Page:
In the Christmas period, it is estimated that 5,768,212,788 units of alcohol are consumed by adult Britons*. Extrapolating that globally, we start to see numbers that are difficult to pronounce i.e. a lot of alcohol. Despite this increased festive consumption, public thought often fails to address questions such as “was this alcohol manufactured sustainably?” or “are we making the climate crisis worse by drinking this much?” The public majority, understandably, is more focused on actually having a good time and enjoying Christmas, so questions like this, although important, are rarely addressed.
We know alcohol consumption has a detrimental impact on the environment, yet, unfortunately, our impact is not mitigated when we invest more time and money in measuring the impact alcohol manufacturing and consumption has to an exact degree – we become aware; a good start, but in reality, just another nice to know added to the list along with aeroplanes, cars and cows. But then what we can do to actually prevent the problem? Who then can we turn to?
Cue Flor de Caña. The world’s only carbon neutral and fair trade certified spirit. The Nicaraguan rum distillery has been manufacturing rum since 1890 and is now a 5th generation family business. They were awarded the ‘Distillery Sustainability Award’ and the ‘Ethical Award’ during the Spirit Business Awards 2021 – an unprecedented achievement. These were awarded in recognition of their sustainable practices and in todays climate, the most effective mitigating factor, against excessive consumption and the subsequent plight for the climate crisis, will be relying on suppliers instilling sustainability from the very first stage of the supply chain – only then will we, as consumers, have any chance of reducing our impact at the other end of the supply chain.
It’s important to note that Flor de Caña has not driven these sustainable practices at the expense of its quality, having been awarded ‘Best Rum Producer of the Year’ by the International Wine and Spirit competition in 2017. Producing top quality rum is no easy feat and doing this sustainably certainly doesn’t correlate to an easier road. Here’s how Flor de Caña maintain their sustainable credentials:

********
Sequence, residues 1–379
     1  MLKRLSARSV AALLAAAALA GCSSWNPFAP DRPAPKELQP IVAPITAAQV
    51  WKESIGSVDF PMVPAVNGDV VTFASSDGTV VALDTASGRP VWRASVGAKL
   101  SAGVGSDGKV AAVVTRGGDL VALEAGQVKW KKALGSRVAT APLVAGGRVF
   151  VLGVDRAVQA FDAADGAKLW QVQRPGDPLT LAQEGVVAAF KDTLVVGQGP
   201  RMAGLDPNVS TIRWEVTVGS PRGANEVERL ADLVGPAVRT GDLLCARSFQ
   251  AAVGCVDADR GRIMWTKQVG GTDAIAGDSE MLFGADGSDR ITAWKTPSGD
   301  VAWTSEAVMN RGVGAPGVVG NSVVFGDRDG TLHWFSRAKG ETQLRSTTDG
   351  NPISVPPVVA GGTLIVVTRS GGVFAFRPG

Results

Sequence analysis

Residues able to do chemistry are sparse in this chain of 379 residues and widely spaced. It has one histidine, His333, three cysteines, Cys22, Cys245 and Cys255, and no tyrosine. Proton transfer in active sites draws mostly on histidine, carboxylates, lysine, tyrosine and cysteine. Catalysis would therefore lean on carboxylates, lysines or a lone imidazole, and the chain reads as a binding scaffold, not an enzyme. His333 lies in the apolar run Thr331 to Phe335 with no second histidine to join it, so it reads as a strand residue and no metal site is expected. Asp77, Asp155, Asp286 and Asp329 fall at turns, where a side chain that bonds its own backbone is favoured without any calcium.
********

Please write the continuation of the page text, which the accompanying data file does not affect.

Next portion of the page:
Given their demonstratable focus on sustainable practices, Flor de Caña was selected to part of Amazon’s Climate Pledge Family – yet another accolade for the tally. By being sustainable, the inevitable positive impact it has on society is not simply an after thought but rather ‘the whole point’.
Some of their environmental programs include distilling their rum using 100% renewable energy, planting 50,000 trees since 2005 and recycling the CO2 produced in fermentation. They give free education to their employees children, since 1913, and have free health care for all employees’ families at the company hospital, since 1958, and also contribute significantly to charities such as Aproquen, for child burn victims and cleft patients, and the American Nicaraguan Foundation, alleviating poverty.
They also partnered with One Tree Planted as part of a global reforestation campaign, where $1 = 1 tree. They help reduce global food waste through zero waste cocktails in ‘Zero Waste Month’ and this mentality is what enables them to promote the creation of sustainable cocktails in the ‘Sustainable Cocktail Challenge’.
Through repeated, demonstrated measures, Flor de Caña has proven to be a manufacturer, upon whom, we as consumers can rely on to reduce our carbon footprint. Their business, by definition, ties in with UN SDG 12 ‘Responsible consumption and production’ through targets related to reducing waste, use of renewable energy and also promoting this ideology wider in society. Aside from SDG 12, it’s clear through their sustainability programs, Flor de Caña also positively impact SDG 7, 9 and 11.
Respect and gratitude are but two sentiments I have in abundance for Flor de Caña and their trail blazing approach to sustainability. Let’s hope that not only do they continue to flourish but also that other manufacturers and suppliers adopt similarly sustainable practices so that the supply chains feeding us at Christmas, and all year round, begin to do as much good as they taste.